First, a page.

The New Order: Partisan Divisions and Public Higher Education

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tags: colleges and universities

It was a long time coming; 140 years, in fact.

When Republicans seized control of both chambers of North Carolina’s General Assembly, in 2010, for the first time in more than a century, they quickly set about remaking a politically moderate state that Barack Obama had carried in the presidential election just two years earlier.

Buoyed by a Tea Party backlash against the nation’s leftward drift, Republicans redrew voting districts and pushed socially conservative proposals that hardened political battle lines. A ban on same-sex marriages passed in 2012. Several years later came a “bathroom bill,” restricting transgender people’s access to restrooms. (Both measures would later be undone in courts).

Less noticed in those early days of Republican rule was a methodical effort that reshaped the culture and policies of what is arguably the state’s most beloved and influential institution: the University of North Carolina system.

Exerting political dominance over higher education in North Carolina, where public universities anchor the Research Triangle and college basketball dominates the culture, gave Republicans an opportunity to put their stamp on a particularly high-profile state agency. It was the view of many in the new Republican majority that the system, governed for decades by a board of Democratic-friendly appointees, had allowed unchecked liberalism to crowd out conservative viewpoints in the classroom and wasted taxpayer money on professors’ left-wing indulgences.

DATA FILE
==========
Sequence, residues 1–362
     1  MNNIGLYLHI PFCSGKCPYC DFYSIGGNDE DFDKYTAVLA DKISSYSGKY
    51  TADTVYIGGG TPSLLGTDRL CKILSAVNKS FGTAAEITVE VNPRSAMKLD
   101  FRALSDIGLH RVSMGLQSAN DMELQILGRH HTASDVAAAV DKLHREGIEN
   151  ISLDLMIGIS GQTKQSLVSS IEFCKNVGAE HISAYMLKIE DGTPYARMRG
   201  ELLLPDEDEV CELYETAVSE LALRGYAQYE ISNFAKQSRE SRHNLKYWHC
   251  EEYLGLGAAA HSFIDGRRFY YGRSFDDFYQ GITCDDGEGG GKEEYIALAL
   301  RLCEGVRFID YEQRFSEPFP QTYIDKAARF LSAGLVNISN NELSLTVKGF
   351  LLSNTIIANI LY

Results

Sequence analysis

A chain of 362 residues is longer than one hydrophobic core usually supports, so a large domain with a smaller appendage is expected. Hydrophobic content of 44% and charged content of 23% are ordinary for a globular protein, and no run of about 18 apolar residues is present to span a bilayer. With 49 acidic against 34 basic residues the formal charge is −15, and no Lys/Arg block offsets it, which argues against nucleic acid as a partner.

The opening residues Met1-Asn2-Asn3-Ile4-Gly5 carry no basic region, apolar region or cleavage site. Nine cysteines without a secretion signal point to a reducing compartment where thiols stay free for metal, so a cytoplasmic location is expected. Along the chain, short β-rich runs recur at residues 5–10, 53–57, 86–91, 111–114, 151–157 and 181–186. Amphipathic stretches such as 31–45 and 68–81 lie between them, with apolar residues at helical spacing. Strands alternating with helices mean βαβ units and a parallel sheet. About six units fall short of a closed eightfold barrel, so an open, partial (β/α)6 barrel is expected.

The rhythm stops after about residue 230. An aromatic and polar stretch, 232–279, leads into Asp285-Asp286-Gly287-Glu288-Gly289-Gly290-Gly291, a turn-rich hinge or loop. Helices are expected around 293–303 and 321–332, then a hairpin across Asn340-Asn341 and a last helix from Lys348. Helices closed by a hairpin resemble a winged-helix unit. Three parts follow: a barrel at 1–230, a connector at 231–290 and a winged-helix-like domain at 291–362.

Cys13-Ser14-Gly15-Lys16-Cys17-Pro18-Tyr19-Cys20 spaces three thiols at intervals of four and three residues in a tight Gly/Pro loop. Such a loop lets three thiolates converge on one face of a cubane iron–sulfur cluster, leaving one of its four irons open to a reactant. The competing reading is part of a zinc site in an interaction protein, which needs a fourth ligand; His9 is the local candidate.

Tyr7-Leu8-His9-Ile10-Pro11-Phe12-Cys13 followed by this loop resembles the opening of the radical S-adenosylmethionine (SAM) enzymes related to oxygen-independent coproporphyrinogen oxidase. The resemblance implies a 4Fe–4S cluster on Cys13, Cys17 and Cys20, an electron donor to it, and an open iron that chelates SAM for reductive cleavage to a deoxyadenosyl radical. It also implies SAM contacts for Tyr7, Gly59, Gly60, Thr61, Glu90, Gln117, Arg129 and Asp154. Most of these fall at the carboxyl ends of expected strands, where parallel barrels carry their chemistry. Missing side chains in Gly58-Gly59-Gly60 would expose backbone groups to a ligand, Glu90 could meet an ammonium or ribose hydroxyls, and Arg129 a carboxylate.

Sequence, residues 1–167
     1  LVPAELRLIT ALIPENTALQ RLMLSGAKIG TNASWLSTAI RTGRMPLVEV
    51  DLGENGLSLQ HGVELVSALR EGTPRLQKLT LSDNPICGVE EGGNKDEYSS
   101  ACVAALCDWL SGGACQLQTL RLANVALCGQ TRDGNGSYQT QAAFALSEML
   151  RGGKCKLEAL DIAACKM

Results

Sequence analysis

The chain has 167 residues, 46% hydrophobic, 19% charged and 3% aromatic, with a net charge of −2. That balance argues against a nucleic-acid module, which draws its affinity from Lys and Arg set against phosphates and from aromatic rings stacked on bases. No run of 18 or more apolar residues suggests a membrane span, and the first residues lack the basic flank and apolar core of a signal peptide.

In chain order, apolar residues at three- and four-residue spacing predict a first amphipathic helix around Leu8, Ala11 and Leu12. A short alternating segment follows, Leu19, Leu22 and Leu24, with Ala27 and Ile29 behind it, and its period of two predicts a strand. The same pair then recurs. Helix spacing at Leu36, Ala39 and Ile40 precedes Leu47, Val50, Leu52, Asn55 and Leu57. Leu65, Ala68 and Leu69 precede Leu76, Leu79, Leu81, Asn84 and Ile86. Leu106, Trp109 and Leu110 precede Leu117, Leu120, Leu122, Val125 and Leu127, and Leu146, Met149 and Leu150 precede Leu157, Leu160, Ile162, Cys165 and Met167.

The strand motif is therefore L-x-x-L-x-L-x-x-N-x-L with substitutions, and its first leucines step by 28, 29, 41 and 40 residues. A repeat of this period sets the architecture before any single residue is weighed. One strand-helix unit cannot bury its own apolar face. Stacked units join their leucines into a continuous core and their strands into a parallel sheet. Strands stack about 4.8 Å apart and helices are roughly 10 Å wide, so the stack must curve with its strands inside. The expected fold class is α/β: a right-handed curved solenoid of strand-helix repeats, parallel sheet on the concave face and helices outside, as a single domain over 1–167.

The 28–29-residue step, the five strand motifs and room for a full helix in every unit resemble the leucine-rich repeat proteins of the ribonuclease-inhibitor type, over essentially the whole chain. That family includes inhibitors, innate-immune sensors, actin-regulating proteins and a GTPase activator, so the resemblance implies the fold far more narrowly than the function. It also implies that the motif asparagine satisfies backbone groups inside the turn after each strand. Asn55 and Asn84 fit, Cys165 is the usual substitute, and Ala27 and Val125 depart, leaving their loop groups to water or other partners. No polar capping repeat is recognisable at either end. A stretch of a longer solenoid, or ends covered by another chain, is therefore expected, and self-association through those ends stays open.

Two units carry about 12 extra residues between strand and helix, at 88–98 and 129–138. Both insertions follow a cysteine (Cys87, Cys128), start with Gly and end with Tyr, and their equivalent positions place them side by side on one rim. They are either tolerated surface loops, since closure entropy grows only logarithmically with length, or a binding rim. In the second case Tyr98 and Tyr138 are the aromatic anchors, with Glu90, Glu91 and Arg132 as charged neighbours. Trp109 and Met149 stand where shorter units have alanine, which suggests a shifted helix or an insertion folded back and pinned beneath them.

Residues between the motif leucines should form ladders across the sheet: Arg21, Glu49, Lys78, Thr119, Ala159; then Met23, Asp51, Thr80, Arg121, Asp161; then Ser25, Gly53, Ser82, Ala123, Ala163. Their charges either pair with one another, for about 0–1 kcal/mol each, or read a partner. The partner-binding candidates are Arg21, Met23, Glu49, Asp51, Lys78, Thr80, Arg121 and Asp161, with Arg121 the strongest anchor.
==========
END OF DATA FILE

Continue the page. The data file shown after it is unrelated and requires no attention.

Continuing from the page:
The key to transforming these institutions lay in the Board of Governors, which at the time was a group of 32 people who oversaw 16 universities. Often invisible in daily campus affairs, college governing boards have a profound influence on the policies and priorities of public universities. They set tuition, hire and fire presidents, and approve strategic plans. Beyond that, though, they have tremendous latitude in setting their own agendas.

In recent years, a number of politically appointed public-university boards have used their broad powers to wade into contentious territory that often splits along partisan lines — setting policies around free speech, scrutinizing the perceived ideological underpinnings of curriculatargeting protections of tenure, and restraining collective-bargaining rights. Such issues, some of which have come to preoccupy the North Carolina Board of Governors, make public universities ideal staging grounds for waging broader political warfare.

Read entire article at Chronicle of Higher Education

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